by Helen Caldicott

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Kansai Electric begins fuel loading for nuclear restart — Kyodo News

” Kansai Electric Power Co. said Friday that it has started loading nuclear fuel into a reactor on the Sea of Japan following a court decision to lift an injunction against the move, paving the way for its restart in late January as the country’s third reactor to operate.

After the restart earlier this year of two reactors in southwestern Japan, while others remain offline in the aftermath of the 2011 Fukushima nuclear disaster, the No. 3 reactor at the utility’s Takahama plant in Fukui Prefecture would be the first to run on uranium-plutonium mixed oxide, or MOX fuel, if it begins operations as scheduled.

The utility is scheduled to insert a total of 157 fuel rod assemblies by next Tuesday, including 24 of MOX fuel, according to Kansai Electric.

The reactor along with the No. 4 at the same plant was allowed to resume operation by the Fukui District Court on Thursday.

The power company envisions reactivating the No. 3 unit sometime between January 28 and 30 and having it start power generation and transmission around Feb. 1, followed by the restart of the No. 4 unit in late February.

“We will put top priority on the safety of the work” for the restart, Kansai Electric President Makoto Yagi said at a press conference Friday.

Japan returned to nuclear power generation when Kyushu Electric Power Co. brought the two reactors at its Sendai plant in Kagoshima Prefecture back online in August and October respectively.

The government is seeking to make up at least 20 percent of the country’s electricity using nuclear power plants by 2030.

The restart of Takahama’s two reactors will be “a step forward” toward the goal, Motoo Hayashi, the industry minister who is in charge of the energy policy, said at a separate press conference the same day.

Prior to the court decision, both reactors gained approval for resumption in February from the state’s Nuclear Regulation Authority under new safety regulations introduced after the nuclear meltdowns at Tokyo Electric Power Co.’s Fukushima Daiichi plant.

The injunction issued by the court in April, however, banned the utility from restarting the units until it was lifted Thursday.

The Fukui governor on Tuesday gave the go-ahead for the company to restart the two units following approval by the local prefectural assembly and the mayor of Takahama.

The court’s Presiding Judge Jun Hayashi said in Thursday’s decision that he recognizes the rationality of the post-Fukushima safety regulations set by the nuclear regulator.

Hideaki Higuchi, presiding judge when the same court issued the injunction in April, said then the court could not see any credible evidence in the utility’s assumptions regarding earthquake risk and restarting the two reactors posed “imminent danger” to residents around the plant, about 380 kilometers west of Tokyo.

==Kyodo ”

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**Declassified U.S. government report prepared a week after Fukushima accident: “100 percent of the total spent fuel was released to the atmosphere from Unit 4” — GlobalResearch; RT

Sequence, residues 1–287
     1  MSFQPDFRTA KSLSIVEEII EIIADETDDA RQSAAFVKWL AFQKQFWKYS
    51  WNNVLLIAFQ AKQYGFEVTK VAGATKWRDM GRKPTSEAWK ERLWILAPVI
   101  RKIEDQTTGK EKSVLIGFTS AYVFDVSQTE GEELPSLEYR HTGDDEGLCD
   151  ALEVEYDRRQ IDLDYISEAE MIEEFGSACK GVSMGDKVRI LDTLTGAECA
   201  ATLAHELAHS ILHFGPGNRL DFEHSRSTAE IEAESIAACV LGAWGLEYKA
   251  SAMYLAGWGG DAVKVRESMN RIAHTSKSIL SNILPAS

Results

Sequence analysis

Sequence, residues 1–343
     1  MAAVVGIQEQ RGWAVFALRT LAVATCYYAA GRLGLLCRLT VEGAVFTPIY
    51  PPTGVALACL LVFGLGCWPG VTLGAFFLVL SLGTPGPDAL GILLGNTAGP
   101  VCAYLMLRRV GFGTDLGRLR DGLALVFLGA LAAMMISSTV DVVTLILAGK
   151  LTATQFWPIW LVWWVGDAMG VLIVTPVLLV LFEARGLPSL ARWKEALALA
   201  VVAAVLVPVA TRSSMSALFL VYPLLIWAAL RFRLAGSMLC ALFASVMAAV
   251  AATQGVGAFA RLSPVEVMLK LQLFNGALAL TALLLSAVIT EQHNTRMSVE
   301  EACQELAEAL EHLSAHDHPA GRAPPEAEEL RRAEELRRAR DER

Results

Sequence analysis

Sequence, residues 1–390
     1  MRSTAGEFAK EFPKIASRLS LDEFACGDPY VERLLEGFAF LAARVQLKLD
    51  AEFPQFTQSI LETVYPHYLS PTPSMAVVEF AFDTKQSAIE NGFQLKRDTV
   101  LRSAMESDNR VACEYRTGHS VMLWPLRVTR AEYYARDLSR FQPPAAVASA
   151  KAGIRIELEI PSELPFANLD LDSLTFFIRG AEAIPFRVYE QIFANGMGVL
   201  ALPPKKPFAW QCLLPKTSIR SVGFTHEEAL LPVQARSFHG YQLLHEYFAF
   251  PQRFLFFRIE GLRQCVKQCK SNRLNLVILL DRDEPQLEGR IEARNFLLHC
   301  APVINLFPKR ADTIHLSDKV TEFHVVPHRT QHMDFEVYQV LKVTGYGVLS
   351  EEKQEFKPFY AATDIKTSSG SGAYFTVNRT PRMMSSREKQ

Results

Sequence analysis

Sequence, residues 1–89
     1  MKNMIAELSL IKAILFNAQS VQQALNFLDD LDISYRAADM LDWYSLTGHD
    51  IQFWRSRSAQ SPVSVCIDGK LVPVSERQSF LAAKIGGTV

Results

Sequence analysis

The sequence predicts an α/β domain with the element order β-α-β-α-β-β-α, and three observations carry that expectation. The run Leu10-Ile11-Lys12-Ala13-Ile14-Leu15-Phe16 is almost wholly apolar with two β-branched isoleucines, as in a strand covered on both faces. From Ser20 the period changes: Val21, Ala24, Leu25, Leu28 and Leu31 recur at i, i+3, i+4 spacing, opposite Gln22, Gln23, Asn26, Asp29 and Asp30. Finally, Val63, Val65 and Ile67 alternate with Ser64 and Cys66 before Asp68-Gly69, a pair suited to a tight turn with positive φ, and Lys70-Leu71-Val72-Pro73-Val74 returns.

GlobalResearch:

” We reported in 2011 that the International Atomic Energy Agency knew within weeks that Fukushima had melted down … but failed and refused to tell the public.

The same year, we reported in 2011 that the U.S. knew within days of the Fukushima accident that Fukushima had melted down … but failed to tell the public.

We noted in 2012:

The fuel pools and rods at Fukushima appear to have “boiled”, caught fire and/or exploded soon after the earthquake knocked out power systems. See this, this, this, this and this.

Now, a declassified report written by the U.S. Nuclear Regulatory Commission on March 18, 2011 – one week after the tidal wave hit Fukushima – states:

The source term provided to NARAC was: (1) 25% of the total fuel in unit 2 released to the atmosphere, (2) 50% of the total spent fuel from unit 3 was released to the atmosphere, and (3) 100% of the total spent fuel was released to the atmosphere from unit 4.

FukushimaNARAC is the the U.S. National Atmospheric Release Advisory Center, located at the University of California’s Lawrence Livermore National Laboratory. NARAC “provides tools and services that map the probable spread of hazardous material accidentally or intentionally released into the atmosphere“.

The fuel pools at Units 3 and 4 contained enormous amounts of radiation.

For example, there was “more cesium in that [Unit 4] fuel pool than in all 800 nuclear bombs exploded above ground.”

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RT:

” Fukushima nuclear power plant is still experiencing major contamination issues nearly five years after the earthquake, tsunami, and subsequent meltdown.

A new declassified report from the US Nuclear Regulatory Commission, written on March 18, 2011 just days after the disaster, sheds light on just how bad it was.

We now know that “100% of the total spent fuel was released to the atmosphere from unit 4.”

According to nuclear expert and whistleblower Arnie Gundersen in an interview with WBAI in New York, unit four contained more cesium “than in all 800 nuclear bombs exploded above ground”.

Cesium has been linked to thyroid cancer, which is on the increase in the Fukushima area since the tsunami, according to the US National Library of Medicine.

The chemical is highly soluble in water and can find its way into foodstuffs that have been prepared in contaminated areas.

Another report this week revealed there are more than nine million bags of nuclear material piling up in Japan, according to the Fukushima Prefecture and the Environment Ministry.

Anti-nuclear activist Dr Helen Caldicott said during the crisis that if unit four collapsed, she was going to move her family from Boston to the southern hemisphere.

The declassified report from the US Nuclear Regulatory Commission said the 2011 thyroid dose estimates ‘downstream’ from Japan in the US were within guidelines “except for Alaska”.

Engineers at Fukushima are still dealing with fallout from four years ago. Last week, the radioactivity at Reactor 1 was measured at 482,000 becquerels per liter of radioactive cesium, Tokyo Electric Power Company (TEPCO) said.